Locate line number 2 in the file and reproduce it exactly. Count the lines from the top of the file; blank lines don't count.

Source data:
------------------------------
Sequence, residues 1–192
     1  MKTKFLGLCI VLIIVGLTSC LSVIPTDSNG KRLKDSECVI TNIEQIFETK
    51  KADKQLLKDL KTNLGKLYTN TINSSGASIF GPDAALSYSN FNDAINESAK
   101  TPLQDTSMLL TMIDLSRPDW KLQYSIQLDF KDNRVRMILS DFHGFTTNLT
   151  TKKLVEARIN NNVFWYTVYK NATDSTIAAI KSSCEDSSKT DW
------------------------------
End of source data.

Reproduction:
     1  MKTKFLGLCI VLIIVGLTSC LSVIPTDSNG KRLKDSECVI TNIEQIFETK